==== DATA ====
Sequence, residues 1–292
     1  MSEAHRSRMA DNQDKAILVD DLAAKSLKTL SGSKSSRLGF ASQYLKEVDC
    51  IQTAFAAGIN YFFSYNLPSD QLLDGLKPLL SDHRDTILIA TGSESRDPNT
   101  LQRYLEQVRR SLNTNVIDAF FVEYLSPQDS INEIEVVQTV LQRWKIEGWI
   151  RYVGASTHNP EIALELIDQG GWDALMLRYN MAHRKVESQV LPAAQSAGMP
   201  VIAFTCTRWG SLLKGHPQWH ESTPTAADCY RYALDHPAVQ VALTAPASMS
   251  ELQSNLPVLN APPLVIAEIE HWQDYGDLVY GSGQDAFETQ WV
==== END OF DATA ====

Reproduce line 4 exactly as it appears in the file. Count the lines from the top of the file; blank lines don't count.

   101  LQRYLEQVRR SLNTNVIDAF FVEYLSPQDS INEIEVVQTV LQRWKIEGWI